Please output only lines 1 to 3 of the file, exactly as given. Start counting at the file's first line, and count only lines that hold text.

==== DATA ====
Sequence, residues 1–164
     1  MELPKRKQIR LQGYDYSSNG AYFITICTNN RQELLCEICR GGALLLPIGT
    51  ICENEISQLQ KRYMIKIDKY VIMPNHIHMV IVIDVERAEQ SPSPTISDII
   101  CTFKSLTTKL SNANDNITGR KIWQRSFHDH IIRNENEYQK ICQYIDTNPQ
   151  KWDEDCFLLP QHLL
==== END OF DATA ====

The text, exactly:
Sequence, residues 1–164
     1  MELPKRKQIR LQGYDYSSNG AYFITICTNN RQELLCEICR GGALLLPIGT
    51  ICENEISQLQ KRYMIKIDKY VIMPNHIHMV IVIDVERAEQ SPSPTISDII